In our last blog we looked at Full-timers, series-loyal fans that watched every episode of the new series. This month we look at an emerging viewer-type, the Box Setters.
Box Setters have always existed, but they used to be a more exclusive group. We all had a friend with an impeccable collection of TV series box sets, Grey’s Anatomy, The Sopranos, The Wire.
But, back then it required some dedication. Investment of time and money. While it may still take up a lot of time, the trend for online ‘box sets’ has made re-watching old series far easier.
BBC’s Box Sets
The BBC recently petitioned that Ofcom allow them to keep content on the iPlayer for at least a year. This followed a release of over 100 box sets to the iPlayer for the festive season, among these were the first four series of Luther.
With Christmas day live viewing at its lowest in years, the box sets presented an alternative way to fill your holiday with content.
While Netflix and Prime may be a Box Setter’s go-to platform, the beloved British content made by the Beeb isn’t always available on the UK Netflix. Although it’s worth noting that Netflix bought the rights to show dramas such as Sherlock, Peaky Blinders and Luther in some territories.
The viewing to the Beeb’s festive box sets was substantial, and Luther was the shining jewel in the iPlayer’s pixelated crown.
For all individuals, the top 20 viewed programmes were principally occupied by the first series of Luther. However, all series stirred up impressive numbers. They averaged over a million viewers each and attracted some Full-timers, too.
On average, viewers of Luther box sets watched at least 7 episodes, that’s around two series a pop.
There’s also a strong link between being a Box Setter and viewing to the new series.
Series 5 of Luther premiered daily as well as offering extra-series engagement through the availability of the previous box sets.
These strategies paid off.
45% of those who watched series 1-4 on iPlayer tuned in for the linear broadcast of new Luther, that’s nearly 2 million viewers! 74% of these viewers then watched at least half of the new series.
Box Setters were also more likely to watch the new series than an average person – Luther series 5 achieved a much higher share with them than with all individuals.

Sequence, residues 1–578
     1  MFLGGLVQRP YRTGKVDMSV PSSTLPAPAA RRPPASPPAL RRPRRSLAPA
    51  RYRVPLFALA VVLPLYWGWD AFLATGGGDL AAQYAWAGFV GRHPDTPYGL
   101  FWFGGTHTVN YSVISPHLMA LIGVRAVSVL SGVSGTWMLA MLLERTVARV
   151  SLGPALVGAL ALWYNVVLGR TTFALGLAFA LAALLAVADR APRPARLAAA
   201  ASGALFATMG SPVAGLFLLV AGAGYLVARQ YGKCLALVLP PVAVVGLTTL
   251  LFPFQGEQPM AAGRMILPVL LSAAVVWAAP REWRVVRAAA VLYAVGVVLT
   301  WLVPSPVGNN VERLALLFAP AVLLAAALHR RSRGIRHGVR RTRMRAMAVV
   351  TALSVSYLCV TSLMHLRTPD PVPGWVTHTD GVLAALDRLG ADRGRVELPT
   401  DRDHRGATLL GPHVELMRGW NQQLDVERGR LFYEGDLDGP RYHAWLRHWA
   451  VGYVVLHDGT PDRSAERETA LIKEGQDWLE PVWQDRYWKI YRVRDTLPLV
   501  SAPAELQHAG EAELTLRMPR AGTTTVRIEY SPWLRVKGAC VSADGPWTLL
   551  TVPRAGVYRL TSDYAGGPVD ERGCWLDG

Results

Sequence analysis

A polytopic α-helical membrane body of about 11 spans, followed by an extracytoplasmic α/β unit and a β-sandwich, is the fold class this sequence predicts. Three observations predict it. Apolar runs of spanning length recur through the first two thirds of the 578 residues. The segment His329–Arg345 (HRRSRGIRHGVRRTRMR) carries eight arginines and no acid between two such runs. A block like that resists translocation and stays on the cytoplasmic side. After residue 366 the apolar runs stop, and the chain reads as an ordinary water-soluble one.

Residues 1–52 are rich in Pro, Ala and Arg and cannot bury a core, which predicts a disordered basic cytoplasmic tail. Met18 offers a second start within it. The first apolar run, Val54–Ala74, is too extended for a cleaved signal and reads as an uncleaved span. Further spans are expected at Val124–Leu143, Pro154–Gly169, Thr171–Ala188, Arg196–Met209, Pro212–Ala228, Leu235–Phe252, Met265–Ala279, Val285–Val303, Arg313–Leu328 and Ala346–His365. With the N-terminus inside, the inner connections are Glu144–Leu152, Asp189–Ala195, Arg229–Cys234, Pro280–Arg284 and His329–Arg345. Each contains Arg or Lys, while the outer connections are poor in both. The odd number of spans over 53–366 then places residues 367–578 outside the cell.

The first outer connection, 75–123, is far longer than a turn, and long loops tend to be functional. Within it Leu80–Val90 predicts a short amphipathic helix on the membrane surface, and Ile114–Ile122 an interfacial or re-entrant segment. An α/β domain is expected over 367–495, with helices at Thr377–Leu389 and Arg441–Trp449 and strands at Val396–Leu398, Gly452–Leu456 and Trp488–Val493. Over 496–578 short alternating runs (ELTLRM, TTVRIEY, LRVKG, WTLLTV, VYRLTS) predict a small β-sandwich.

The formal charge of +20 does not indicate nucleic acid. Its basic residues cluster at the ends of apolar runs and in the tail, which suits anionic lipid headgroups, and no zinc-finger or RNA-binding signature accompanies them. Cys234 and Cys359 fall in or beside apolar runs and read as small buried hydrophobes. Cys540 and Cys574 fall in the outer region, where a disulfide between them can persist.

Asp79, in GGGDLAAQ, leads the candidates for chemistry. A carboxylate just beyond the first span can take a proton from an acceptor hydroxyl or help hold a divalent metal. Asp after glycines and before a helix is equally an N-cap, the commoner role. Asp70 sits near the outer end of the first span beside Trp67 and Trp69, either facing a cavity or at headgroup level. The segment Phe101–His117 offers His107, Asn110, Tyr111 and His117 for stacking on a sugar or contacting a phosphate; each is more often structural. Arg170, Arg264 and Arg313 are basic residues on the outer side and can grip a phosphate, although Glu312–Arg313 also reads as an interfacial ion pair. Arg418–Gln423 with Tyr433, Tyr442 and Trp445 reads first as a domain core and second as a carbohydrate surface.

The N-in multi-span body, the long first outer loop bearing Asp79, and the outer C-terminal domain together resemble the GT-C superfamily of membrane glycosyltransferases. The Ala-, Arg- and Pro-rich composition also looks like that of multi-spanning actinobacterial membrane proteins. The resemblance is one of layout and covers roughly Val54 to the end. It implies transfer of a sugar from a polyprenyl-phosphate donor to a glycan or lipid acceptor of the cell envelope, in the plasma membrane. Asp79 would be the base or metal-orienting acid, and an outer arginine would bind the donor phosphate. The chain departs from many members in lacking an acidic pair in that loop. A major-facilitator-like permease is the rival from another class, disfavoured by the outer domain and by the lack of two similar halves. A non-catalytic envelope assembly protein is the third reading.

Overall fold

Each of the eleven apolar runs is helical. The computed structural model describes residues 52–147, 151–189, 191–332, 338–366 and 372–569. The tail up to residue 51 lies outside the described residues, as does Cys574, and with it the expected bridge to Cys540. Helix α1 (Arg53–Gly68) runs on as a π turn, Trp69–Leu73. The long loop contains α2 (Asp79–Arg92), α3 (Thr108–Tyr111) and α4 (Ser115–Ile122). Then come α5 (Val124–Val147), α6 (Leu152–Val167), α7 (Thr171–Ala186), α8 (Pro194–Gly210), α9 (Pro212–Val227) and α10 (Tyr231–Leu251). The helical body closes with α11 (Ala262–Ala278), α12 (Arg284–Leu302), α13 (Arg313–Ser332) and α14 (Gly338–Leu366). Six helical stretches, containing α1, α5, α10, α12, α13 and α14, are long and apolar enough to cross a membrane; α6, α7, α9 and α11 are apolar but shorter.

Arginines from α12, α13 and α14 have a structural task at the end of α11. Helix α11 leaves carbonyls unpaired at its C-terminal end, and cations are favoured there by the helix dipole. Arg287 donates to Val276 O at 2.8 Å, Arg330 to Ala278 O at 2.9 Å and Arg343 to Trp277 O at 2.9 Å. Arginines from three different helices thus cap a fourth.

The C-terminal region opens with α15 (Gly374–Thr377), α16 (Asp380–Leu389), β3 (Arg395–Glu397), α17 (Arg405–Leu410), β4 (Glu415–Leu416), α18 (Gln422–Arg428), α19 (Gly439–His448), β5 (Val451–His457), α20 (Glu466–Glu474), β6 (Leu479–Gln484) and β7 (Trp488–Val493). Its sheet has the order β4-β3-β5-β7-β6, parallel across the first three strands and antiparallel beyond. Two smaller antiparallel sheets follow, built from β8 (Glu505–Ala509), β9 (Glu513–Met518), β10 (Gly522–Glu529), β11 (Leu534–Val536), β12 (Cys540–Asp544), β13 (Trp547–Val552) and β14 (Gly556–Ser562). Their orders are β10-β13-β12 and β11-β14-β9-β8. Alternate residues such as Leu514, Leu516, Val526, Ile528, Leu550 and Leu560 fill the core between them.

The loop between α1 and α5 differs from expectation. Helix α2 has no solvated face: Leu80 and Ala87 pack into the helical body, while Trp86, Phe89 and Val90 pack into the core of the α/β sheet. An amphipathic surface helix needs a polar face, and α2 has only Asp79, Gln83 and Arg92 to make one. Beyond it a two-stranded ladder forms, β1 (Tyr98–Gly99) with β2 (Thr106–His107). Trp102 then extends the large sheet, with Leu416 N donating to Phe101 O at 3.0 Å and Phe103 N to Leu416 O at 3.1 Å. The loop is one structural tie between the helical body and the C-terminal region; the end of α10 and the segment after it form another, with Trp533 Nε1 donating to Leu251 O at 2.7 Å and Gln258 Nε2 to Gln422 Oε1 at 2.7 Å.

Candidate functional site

All the above translated into more a stable Box Setters’ viewing trend from episode to episode in comparison with the general audience trend.
Box Setter Mind-Set
Not all Box Setters watch for the same reason. It’s common sense to think that viewers may want to re-watch older episodes in preparation for the broadcast of a new series. In fact, the mission behind making these episodes available is to garner a larger following, stir up interest for the new series, as well as increase programme reach.
However, with this Lutherian example, the highest levels of Box Setter viewing to old Luther episodes did not occur over the festive period, peak viewing wasn’t just before the airing of series 5…
We’ve found that viewers flocked to former Luther during and just after the airing of the new episodes.
What does this mean?
It means that viewing habits are not as easily discernible as schedulers might like them to be.
We can hypothesise two potential causes for this type of viewing.
Viewers may want to catch up with the story while they wait for the new episodes of Luther to be broadcast, ready to consume the new material at their own flexibility. Perhaps, ready to binge over the weekend (hence the peak at Saturday and Sunday 5th and 6th of Jan).
Another potential explanation is that Box Setters do not simply use older episodes to refresh their idea of the story before they get to the next chapter, but that the new episodes rekindle their interest in the programme and its characters.
That’s to say, perhaps the relationship between box set and new episodes isn’t as simple as the former increases loyalty and generates an audience for the latter.
Perhaps, new episodes of a programme draws up more interest and engagement with the content, meaning that more viewing to the iPlayer was generated by the new episodes of Luther as well as the opposite being true for some viewers.
It’s important to update the way we look at viewer segments as behaviour and technology interface to take us into a new generation of audio-visual content.
By looking at how Full-timers and Box setters viewed Luther, we can better understand the audience we’re dealing with and produce and schedule content to maximise convenience and viewer engagement.
If you want to know more about the types of viewers your programmes and channels are attracting and how they prefer to interact and engage with linear and non-linear content, contact Matt Ross at email@example.com or Aron James firstname.lastname@example.org.
In a data-heavy world, Digital.i is here to help curious TV innovators understand the behaviour behind numbers.
Words by Sophia Vahdati
Research by Matt Ross and Dina Sayko